Do you come here often? If starting conversations for your business matter to you take a peek. This article is taken from a talk I enjoyed doing this last week for Linlinkup, a new women’s networking group in Linlithgow. I’m keen for the group to do well and really happy I can contribute. Confession. I had sold the talk on the title ‘how to stop your content boring your customers’ socks off’… and edited it later!
But before we start – definitions of content, channels and platforms. Crucial if you want to be focused on creating useful resources for your customers. You need to decide the right channel (written, video, live video, audio, visual) and corresponding platform to suit your customers.
Stage 1: what is content and why are you creating it?
Only really 2 underlying reasons to create content – make your customers happier and smarter.
Stage 2: choose who you want to have a conversation with
To make the right content that will light a fire under your customers, base it on thinking about:
- B2B or direct sales
- how local you are
Case study: local make-up artist could use Facebook as it prioritises sharing AND allows you to post videos and live video to let you share your make-up expertise. I’ve used Facebook, specifically Facebook Live for a client, achieving 12000 views with no ads or boosting.
Stage 3: find content from others
Do create your own content – video is a great way to start. And Ripl and Promo are good tools if you’re not ready to film and edit yourself. But don’t get boring by only talking about yourself…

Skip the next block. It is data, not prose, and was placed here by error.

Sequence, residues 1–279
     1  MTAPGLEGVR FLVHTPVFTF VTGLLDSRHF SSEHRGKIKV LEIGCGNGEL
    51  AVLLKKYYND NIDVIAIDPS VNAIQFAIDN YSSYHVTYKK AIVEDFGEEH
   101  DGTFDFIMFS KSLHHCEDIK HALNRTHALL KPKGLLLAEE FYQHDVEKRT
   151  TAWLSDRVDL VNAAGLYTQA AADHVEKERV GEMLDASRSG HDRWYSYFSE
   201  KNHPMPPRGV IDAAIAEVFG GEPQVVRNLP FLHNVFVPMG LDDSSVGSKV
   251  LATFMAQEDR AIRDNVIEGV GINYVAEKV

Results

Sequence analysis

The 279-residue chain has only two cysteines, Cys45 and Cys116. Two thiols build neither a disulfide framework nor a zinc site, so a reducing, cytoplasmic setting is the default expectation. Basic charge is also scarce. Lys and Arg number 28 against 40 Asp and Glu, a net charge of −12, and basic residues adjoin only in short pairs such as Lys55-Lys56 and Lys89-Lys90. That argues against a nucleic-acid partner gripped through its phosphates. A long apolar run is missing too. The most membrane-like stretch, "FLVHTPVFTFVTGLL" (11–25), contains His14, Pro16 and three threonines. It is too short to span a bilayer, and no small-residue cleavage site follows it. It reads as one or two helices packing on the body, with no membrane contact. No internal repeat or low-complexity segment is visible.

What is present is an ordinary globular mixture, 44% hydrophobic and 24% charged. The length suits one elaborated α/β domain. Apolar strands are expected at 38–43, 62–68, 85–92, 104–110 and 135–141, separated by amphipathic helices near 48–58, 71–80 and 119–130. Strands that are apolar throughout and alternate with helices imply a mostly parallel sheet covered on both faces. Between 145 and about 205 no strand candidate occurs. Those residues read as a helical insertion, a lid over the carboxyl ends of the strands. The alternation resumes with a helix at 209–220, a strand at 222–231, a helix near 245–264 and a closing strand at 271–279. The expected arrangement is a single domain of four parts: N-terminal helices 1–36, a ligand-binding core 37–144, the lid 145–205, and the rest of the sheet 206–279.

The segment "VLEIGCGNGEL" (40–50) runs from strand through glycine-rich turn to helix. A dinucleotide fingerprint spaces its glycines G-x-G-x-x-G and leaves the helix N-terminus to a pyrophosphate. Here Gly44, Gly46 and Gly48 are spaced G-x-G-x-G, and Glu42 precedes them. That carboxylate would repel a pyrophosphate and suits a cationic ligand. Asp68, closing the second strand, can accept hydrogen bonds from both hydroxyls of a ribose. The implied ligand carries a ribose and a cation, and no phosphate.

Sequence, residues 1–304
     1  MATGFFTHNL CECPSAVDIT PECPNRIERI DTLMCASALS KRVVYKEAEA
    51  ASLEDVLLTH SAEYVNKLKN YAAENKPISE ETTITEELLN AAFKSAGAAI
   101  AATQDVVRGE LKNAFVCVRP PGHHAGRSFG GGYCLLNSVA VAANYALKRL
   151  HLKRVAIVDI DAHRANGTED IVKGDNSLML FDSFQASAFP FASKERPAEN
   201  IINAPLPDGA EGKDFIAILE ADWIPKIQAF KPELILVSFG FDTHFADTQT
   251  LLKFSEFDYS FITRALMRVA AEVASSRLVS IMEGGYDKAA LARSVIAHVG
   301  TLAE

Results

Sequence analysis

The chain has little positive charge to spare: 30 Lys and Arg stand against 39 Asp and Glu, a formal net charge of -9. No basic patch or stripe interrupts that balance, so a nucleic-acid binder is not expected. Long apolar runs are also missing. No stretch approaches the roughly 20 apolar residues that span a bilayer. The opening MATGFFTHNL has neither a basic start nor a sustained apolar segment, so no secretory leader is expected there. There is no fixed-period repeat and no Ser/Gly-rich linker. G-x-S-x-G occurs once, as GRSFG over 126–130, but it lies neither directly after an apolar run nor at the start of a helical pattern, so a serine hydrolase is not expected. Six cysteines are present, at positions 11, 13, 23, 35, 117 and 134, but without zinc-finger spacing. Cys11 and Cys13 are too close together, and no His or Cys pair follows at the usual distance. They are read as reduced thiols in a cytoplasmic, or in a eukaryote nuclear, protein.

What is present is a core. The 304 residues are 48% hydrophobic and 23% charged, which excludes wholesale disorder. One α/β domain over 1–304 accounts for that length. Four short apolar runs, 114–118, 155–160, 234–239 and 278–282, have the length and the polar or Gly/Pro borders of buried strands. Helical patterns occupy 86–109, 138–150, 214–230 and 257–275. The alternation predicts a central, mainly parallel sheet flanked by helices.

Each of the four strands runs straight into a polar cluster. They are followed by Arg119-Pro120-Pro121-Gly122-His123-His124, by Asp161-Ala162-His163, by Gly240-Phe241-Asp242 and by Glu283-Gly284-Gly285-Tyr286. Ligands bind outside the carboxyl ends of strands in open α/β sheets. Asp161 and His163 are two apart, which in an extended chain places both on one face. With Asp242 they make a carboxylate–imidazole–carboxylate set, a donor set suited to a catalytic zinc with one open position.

a good ratio of your content to others’ content is 1:5
Start with existing connections that you can draw on, so from a local newspaper, the Linlithgow Gazette last week you could share:
- train times over Christmas if you want to talk to commuters
- volunteer call outs if your business value is caring.
Good sources for you to find content to share:
- Twitter lists
- email newsletters you can sign up to.
Stage 4: make content that isn’t content
If social media has a secret it’s this. It’s social. If you can understand what your customers need you can be proactive, creating maps, feedback forms, doodle polls and opening hours to demonstrate your approach and style. A great example I found of this (that I forgot to include in the talk(!) was Direct Line who have a range of quick videos all about bright ideas to make your car/home/whatever else they insure a bit more pleasant or safer. My favourite was an old sock stuffed with cat litter to soak up condensation so your windscreen doesn’t get fogged up
How to stop your car’s windscreen from fogging up in the morning… 🌁 🚗 pic.twitter.com/7V8LM0gZYr
— Direct Line (@DirectLine_UK) November 28, 2017
Stage 5: nail your brand to deliver shareability
Like an individual, your business needs values and a voice. Your business’ content needs it’s own dictionary ie. choice of words, tone of voice and mission if you want your business to stand out. And to make your content shareable here are a few aspects to consider:
- social currency – how does sharing this content make your customers seem to their friends?
- triggers – what leads to them thinking about your business?
- emotion – how does the content itself make them feel?
- practical value – tips, tricks, lifehacks are all examples of how you can help your customers.
To conclude – obviously all these stages are interconnected. The key stages are nailing your brand and knowing why you’re creating content, that’s why they bookend the stages! I’ve been told my presentation has sparked members thinking. Good news – I’m all about making marketing more fun for businesses and their customers too.